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‘Unlocking the Power of Microsoft Dynamics 365: Your Step-by-Step Guide to Writing a Simple Plugin’

‘Unlocking the Power of Microsoft Dynamics 365: Your Step-by-Step Guide to Writing a Simple Plugin’

Title: A Comprehensive Guide to Writing a Simple Dynamics 365 Plugin


Microsoft Dynamics 365, an indispensable suite of astute business applications, is critical in maintaining efficiency and productivity across various business operations. A significant part of Dynamics 365’s charm lies in its flexible customisability through plugins. In this blog post, we’ll delve deeper into the exciting world of Dynamics 365 plugins, illustrating a simple and straightforward way to write your very own Dynamics 365 plugin.

What is a Dynamics 365 Plugin?

Before diving straight into the process, it’s crucial to comprehend what a Dynamics 365 plugin truly entails. Essentially, a plugin is a piece of code that empowers users to augment or customise the standard functionality of Microsoft Dynamics 365. Through plugins, additional steps can be executed before or after a significant event like create, update, delete within Dynamics 365, optimising the platform’s utility for bespoke business requirements.

The Basics of Writing a Dynamics 365 Plugin

Crafting your own plugin involves writing a .NET Class Library which gets triggered during events specified by you in Dynamics 365.

Step 1: Prepare the Development Environment

The first step in creating a Dynamics 365 plugin is setting up your Integrated Development Environment (IDE). Tools such as Visual Studio come recommended for their comprehensive features and compatibility with Dynamics 365.

Step 2: Create a New Project

After installing and setting up Visual Studio, launch the programme and create a new Class Library (.NET Framework) project.

Step 3: Install Microsoft.CrmSdk.CoreAssemblies

The next step is to install ‘Microsoft.CrmSdk.CoreAssemblies’ from NuGet Package Manager. This assembly facilitates connection and interaction with Dynamics 365.

Step 4: Plugin Class and Register Plugin

Subsequently, create a new class that inherits from the Plugin class. The code written within the “Execute” method in this class will run when the event occurs. Then, register your plugin using the Plugin Registration tool that comes with Dynamics 365 SDK.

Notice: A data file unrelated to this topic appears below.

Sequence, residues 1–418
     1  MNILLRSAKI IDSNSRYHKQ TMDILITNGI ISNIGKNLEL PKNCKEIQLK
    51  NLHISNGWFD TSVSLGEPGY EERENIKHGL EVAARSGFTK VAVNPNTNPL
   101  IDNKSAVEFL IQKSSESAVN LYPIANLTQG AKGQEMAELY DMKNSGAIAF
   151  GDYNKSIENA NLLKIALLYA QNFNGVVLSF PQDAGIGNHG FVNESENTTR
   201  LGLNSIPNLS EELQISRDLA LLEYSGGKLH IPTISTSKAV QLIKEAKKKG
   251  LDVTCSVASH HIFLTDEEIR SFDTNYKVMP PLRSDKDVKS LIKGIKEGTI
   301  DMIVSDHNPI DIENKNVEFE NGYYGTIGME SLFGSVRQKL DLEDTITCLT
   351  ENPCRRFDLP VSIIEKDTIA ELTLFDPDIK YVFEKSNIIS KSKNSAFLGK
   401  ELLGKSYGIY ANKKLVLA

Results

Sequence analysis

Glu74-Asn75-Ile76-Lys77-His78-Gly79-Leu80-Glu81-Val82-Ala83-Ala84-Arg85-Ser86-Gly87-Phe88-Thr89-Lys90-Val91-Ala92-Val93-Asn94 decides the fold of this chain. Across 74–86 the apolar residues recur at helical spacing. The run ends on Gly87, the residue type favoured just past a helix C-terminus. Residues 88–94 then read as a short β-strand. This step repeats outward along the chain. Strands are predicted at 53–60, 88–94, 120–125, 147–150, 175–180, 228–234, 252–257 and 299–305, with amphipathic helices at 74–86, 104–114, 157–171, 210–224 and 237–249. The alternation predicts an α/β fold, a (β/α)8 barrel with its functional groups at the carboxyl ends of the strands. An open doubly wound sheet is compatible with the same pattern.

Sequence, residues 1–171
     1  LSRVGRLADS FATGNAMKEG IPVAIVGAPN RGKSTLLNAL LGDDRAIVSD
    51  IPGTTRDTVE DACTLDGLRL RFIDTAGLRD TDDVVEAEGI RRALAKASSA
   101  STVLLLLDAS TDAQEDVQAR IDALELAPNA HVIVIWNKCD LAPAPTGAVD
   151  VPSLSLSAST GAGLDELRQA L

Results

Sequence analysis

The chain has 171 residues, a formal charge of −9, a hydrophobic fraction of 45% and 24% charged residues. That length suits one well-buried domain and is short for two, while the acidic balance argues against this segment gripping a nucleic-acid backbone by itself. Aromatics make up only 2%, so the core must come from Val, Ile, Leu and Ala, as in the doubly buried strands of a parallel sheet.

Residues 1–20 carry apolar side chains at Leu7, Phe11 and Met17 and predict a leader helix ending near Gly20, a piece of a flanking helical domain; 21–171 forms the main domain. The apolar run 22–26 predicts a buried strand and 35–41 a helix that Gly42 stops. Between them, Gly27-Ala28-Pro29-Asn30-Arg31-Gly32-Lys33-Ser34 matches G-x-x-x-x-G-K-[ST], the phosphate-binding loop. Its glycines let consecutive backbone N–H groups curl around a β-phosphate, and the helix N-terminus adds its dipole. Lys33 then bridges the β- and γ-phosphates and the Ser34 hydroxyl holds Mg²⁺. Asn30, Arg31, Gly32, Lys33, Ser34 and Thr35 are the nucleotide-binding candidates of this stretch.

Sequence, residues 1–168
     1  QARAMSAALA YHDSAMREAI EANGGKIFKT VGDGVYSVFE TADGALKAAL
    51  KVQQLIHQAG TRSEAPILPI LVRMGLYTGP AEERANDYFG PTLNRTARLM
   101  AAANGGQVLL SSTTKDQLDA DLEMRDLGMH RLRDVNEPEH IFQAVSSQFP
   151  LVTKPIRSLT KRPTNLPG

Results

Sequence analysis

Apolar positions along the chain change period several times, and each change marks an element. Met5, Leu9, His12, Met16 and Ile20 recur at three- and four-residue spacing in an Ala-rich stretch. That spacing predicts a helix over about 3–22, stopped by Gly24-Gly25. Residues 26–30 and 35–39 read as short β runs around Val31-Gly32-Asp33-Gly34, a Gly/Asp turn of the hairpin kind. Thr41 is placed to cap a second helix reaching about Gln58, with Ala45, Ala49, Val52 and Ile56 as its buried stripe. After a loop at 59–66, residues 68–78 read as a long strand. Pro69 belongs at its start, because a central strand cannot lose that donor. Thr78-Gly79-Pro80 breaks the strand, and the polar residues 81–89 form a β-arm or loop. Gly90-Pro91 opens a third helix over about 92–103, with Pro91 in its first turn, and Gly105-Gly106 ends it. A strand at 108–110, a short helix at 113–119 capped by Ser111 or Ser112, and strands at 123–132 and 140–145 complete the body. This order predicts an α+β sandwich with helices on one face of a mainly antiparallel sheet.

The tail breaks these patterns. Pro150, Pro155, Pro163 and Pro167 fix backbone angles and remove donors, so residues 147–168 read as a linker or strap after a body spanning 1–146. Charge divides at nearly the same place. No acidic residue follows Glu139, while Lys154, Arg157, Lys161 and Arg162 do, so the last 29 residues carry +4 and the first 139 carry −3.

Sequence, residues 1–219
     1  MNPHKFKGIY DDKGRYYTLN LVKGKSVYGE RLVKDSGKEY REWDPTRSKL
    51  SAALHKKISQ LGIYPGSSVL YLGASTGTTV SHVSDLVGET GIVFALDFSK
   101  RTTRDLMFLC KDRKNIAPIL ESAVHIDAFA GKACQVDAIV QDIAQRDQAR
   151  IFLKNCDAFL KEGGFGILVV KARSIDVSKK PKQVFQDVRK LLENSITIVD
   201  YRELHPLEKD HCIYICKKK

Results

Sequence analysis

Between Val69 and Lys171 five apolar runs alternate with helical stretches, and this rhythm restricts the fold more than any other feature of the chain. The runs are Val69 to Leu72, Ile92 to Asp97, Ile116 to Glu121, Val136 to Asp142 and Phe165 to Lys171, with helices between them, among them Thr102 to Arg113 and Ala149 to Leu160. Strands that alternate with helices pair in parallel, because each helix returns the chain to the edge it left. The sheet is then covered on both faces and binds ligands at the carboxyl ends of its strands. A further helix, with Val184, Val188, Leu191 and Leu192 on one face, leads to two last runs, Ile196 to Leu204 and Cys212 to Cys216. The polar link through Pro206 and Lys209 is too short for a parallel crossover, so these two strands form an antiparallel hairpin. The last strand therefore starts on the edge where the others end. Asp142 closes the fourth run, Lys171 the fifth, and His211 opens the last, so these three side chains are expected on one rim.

Writing the Plugin

Now, let’s dive into the step-by-step process of writing the plugin.

1. Start by creating a public class that inherits from the base class ‘Plugin’ found in Microsoft Crm SDK.

2. Now, override the Execute method in your new class. The Service Provider object obtained from the Execute method offers key classes, including IOrganizationServiceFactory and IPluginExecutionContext.

3. Use ‘ServiceProvider.GetService’ method to obtain these classes. IOrganizationServiceFactory generates an instance of IOrganizationService, which is instrumental in performing Create, Retrieve, Update, and Delete operations in Dynamics 365.

4. IPluginExecutionContext is utilised to fetch runtime information, such as the depth, isolation mode, mode, and more.

5. Add your custom code to perform the action whenever a specified event triggers in Dynamics 365. This could include pre-validation, pre-operation or post-operation instructions based on your business requirements.

6. Once you’ve written the code, build your project to generate the output assembly (.dll file). Register this assembly along with your plugin in Dynamics 365 using the Plugin Registration Tool.


Writing a plugin for Dynamics 365 can transform how you interact with this robust platform. Whether it’s optimising processes or effectively tailoring Dynamics 365 to your unique business needs, mastering plugin development opens doors to endless possibilities.

Remember, while this guide provides a simple overview of developing a Dynamics 365 plugin, building complex plugins may demand a deeper understanding of C# and .NET programming. Continue expanding your Microsoft Dynamics 365 mastery for an effortless and result-driven customisation experience.

We hope this guide demystifies the initial phases of plugin writing for Dynamics 365 and paves the way towards a more productive and personalised Dynamics 365 experience. Happy coding!

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